Saturday, March 3, 2012

Today's Major Market Move: Cypriot Benchmark Stock Market Index Down 71.5% Since January 2011

As the European authorities finalize the details on the PSI and the 130 billion Euro bailout, both Cypriot and Greek equities remain in the doldrums. The benchmark Cypriot stock market index (General Market Index CSE) and the Greek Benchmark index (FTSE/ASE 20 Index) are down 71.5% and 54% going back to the beginning of 2011. They are both sitting just above their 2012 lows.

Click here to go to the live chart.

If we look at the performance of the benchmark equity indexes of the other PIIGS, we'll see that three of them (Spain, Italy and Portugal) are faring quite a bit better, with Ireland showing signs of a very strong recovery.

Click here to go to the live chart.
For Europe in general, the markets are expressing some concern (through the EURUSD) regarding the bailout and the 2nd iteration of LTRO by the ECB. LTRO v2 has expanded the ECB's balance sheet by another 528 billion euros.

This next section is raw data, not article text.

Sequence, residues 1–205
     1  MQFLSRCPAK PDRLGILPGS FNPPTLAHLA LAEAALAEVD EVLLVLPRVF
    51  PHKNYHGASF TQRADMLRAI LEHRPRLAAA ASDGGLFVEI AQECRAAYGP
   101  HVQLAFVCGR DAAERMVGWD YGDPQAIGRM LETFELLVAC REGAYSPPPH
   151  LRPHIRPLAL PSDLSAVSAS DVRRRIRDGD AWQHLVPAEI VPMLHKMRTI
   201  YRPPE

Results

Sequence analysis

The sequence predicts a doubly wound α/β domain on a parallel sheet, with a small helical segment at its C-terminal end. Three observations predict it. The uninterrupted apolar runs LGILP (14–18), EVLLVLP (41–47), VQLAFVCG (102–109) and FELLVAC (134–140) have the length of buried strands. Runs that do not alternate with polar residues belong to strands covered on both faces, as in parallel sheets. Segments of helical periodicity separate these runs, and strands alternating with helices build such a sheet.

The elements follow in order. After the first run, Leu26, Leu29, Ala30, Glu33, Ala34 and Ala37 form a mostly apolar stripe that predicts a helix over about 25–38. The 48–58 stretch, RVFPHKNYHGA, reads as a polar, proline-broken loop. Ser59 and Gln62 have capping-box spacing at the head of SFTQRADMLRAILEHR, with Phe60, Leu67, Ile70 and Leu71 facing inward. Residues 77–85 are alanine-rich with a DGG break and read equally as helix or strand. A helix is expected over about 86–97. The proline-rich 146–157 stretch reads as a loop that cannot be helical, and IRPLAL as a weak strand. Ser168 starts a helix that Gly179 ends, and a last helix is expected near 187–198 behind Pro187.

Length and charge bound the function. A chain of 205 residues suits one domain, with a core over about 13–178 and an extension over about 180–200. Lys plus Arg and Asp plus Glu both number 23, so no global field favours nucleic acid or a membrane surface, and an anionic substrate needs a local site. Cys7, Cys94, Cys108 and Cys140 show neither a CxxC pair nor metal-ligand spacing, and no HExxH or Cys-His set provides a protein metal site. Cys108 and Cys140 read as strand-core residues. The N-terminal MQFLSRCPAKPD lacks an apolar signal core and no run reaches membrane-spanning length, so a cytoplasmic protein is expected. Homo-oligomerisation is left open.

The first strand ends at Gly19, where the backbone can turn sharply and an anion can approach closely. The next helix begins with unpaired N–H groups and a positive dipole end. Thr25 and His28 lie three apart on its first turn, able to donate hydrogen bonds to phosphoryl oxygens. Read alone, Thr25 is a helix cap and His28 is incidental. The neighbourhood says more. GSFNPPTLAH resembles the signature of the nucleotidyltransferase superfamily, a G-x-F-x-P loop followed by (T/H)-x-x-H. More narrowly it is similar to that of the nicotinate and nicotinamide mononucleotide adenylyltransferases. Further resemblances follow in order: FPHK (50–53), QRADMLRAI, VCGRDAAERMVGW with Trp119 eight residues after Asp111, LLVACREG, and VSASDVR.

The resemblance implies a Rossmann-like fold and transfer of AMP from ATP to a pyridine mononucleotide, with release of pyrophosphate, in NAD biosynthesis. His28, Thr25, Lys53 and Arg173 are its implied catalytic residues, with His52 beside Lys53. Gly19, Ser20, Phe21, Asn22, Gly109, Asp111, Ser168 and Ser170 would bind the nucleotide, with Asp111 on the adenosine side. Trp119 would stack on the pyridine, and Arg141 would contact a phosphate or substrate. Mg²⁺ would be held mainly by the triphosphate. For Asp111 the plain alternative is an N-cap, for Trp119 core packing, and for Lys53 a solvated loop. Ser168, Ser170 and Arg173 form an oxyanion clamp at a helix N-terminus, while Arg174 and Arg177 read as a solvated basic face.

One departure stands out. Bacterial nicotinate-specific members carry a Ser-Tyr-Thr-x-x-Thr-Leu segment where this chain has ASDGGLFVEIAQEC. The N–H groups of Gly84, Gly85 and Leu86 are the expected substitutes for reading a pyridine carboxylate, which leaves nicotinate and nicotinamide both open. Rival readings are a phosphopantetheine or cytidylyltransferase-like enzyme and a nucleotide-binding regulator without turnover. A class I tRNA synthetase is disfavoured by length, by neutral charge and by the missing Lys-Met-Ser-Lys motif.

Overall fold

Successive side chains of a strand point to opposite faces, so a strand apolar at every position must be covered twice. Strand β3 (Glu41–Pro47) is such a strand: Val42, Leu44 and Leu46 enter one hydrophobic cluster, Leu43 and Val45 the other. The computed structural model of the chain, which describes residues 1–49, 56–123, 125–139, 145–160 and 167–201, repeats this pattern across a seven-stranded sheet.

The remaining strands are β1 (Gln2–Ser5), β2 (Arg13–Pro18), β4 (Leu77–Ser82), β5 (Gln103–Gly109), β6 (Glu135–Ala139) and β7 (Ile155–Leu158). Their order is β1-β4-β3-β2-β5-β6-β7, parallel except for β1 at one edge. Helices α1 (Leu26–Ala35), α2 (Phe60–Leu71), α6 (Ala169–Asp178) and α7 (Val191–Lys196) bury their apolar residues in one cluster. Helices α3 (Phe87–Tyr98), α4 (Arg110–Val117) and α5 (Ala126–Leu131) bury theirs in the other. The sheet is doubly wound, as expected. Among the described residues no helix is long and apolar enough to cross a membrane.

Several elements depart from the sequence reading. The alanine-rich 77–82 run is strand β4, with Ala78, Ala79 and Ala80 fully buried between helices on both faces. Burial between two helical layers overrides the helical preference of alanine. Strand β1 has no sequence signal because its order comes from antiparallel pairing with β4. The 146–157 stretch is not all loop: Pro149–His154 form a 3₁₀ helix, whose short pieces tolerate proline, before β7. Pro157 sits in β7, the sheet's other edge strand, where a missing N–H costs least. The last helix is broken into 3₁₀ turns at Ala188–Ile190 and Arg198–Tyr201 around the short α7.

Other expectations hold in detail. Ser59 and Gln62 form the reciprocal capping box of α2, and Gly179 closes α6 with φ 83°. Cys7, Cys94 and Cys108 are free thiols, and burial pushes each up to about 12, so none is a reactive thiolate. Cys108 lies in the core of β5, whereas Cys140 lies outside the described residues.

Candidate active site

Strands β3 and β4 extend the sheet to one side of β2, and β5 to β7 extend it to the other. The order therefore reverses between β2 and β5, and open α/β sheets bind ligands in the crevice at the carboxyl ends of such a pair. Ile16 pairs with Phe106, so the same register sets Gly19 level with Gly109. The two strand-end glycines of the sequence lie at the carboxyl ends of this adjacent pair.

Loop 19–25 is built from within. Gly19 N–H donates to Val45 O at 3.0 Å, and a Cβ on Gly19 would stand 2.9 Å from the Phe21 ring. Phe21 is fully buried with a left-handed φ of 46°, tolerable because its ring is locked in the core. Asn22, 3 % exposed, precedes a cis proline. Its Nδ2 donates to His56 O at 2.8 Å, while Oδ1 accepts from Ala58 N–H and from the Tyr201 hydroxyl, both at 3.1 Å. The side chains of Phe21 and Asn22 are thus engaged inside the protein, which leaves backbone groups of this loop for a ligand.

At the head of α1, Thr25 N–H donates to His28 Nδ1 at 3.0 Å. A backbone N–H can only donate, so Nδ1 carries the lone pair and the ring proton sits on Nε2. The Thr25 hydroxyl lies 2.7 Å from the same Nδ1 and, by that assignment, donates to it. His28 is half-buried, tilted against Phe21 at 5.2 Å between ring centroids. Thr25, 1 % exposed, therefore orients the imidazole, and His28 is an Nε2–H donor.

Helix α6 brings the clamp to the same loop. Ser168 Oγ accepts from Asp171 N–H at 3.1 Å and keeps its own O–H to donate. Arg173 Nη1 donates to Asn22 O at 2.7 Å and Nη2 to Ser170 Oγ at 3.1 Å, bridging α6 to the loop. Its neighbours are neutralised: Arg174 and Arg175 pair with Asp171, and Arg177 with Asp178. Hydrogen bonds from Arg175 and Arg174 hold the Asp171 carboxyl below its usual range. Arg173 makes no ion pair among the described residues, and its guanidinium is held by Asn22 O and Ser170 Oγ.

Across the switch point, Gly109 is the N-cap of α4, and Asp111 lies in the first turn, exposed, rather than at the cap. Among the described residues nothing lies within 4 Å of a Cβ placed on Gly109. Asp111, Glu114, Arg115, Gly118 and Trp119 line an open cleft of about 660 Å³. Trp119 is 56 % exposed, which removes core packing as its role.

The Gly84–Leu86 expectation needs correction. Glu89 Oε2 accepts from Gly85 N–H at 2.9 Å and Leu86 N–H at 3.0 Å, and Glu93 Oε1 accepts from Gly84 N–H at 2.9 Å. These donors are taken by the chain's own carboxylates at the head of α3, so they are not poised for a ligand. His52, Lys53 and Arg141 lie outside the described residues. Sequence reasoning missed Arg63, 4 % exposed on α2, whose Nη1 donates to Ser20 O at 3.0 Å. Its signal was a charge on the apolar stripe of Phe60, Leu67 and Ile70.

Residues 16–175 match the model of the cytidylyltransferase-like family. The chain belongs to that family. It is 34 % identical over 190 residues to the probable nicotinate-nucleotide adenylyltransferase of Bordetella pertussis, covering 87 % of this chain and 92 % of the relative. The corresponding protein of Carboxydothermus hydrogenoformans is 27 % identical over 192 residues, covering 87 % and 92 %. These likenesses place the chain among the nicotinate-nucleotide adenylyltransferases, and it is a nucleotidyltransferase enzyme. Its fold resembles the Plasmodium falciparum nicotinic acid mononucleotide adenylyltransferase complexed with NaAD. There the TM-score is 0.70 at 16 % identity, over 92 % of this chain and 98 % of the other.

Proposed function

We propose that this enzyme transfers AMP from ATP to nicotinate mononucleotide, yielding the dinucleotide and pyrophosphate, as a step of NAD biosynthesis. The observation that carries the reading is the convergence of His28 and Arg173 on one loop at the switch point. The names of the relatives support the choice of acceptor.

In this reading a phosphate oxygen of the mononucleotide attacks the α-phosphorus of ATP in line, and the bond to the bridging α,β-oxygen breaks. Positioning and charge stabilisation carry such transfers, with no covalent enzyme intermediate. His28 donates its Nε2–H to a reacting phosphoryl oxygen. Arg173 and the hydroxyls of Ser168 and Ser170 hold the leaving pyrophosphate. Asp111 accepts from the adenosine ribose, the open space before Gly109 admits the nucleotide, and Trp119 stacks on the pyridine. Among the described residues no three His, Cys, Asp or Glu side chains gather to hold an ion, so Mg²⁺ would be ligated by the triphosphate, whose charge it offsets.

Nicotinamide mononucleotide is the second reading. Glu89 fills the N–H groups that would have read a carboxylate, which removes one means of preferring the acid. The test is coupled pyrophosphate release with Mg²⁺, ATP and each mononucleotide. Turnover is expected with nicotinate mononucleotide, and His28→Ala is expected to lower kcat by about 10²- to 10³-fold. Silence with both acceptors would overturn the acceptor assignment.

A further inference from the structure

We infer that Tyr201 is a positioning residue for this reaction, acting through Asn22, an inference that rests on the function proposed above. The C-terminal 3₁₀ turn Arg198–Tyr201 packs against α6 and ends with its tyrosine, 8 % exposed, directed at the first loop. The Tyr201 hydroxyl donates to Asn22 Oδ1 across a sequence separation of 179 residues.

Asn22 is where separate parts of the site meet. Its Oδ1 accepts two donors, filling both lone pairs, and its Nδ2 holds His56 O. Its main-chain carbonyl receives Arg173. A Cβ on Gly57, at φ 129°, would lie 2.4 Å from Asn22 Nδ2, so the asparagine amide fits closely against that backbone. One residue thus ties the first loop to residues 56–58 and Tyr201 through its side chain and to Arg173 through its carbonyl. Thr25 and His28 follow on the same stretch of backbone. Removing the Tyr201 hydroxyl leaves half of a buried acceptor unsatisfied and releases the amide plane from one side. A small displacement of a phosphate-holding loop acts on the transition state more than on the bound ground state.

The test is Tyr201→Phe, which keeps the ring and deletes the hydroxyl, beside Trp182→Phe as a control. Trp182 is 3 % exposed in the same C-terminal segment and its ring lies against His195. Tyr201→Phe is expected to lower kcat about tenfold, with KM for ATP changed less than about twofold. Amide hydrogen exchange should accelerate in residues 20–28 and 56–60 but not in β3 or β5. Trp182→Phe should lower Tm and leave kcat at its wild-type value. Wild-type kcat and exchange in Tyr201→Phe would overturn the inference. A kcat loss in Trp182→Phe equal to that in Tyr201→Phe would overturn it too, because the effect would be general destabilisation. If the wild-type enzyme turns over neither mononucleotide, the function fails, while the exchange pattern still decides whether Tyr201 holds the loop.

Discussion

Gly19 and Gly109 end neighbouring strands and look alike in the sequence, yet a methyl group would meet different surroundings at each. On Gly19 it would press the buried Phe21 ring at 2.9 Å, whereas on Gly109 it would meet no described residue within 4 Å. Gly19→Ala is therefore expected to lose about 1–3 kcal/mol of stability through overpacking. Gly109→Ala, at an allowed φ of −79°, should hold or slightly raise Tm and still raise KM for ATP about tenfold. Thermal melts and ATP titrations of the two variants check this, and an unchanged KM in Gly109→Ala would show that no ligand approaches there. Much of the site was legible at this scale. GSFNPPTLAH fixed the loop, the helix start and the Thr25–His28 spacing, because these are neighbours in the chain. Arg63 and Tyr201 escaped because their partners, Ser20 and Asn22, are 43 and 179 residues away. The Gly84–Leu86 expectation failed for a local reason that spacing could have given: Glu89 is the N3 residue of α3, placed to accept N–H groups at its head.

Click here to go to the live chart.
Here's some more details on LTRO v2 courtesy of Seeking Alpha:
After the first long-term repo operation (LTRO) done last December by the European Central Bank (ECB), on 29 February, 2012, the ECB offered another unlimited 3-year LTRO, at a cost of 1% to European banks. In this operation banks raised €529.5bn, a small increase compared to the previous €489bn raised on the first LTRO. Around 800 banks receive this cheap funding, clearly above the 523 banks registered the first time. As discussed recently in my article "EUR/USD: What To Expect From Next Week's LTRO", this number is below expectations (survey from UBS) and possibly a sign that European banks are in better shape than expected.
So both the total amount and the number of banks involved were higher than LTRO v1, but because the numbers for LTRO 2 come in below UBS' estimates, banks are in better shape than expected. Hmmmm. How much does all of this extra liquidity by the ECB have to do with rising fuel prices? We think a lot, especially when considering that it's not just oil that is up significantly in 2012 but precious metals as well.

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